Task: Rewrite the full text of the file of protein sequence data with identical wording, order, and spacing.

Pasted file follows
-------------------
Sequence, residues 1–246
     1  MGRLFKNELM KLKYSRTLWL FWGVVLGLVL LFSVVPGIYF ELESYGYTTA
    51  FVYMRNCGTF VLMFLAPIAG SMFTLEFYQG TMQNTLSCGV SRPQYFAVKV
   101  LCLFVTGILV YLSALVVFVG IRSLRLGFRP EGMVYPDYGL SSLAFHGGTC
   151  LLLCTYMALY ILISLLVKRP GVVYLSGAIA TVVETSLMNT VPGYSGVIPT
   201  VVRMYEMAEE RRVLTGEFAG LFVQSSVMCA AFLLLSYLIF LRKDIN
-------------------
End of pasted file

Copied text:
Sequence, residues 1–246
     1  MGRLFKNELM KLKYSRTLWL FWGVVLGLVL LFSVVPGIYF ELESYGYTTA
    51  FVYMRNCGTF VLMFLAPIAG SMFTLEFYQG TMQNTLSCGV SRPQYFAVKV
   101  LCLFVTGILV YLSALVVFVG IRSLRLGFRP EGMVYPDYGL SSLAFHGGTC
   151  LLLCTYMALY ILISLLVKRP GVVYLSGAIA TVVETSLMNT VPGYSGVIPT
   201  VVRMYEMAEE RRVLTGEFAG LFVQSSVMCA AFLLLSYLIF LRKDIN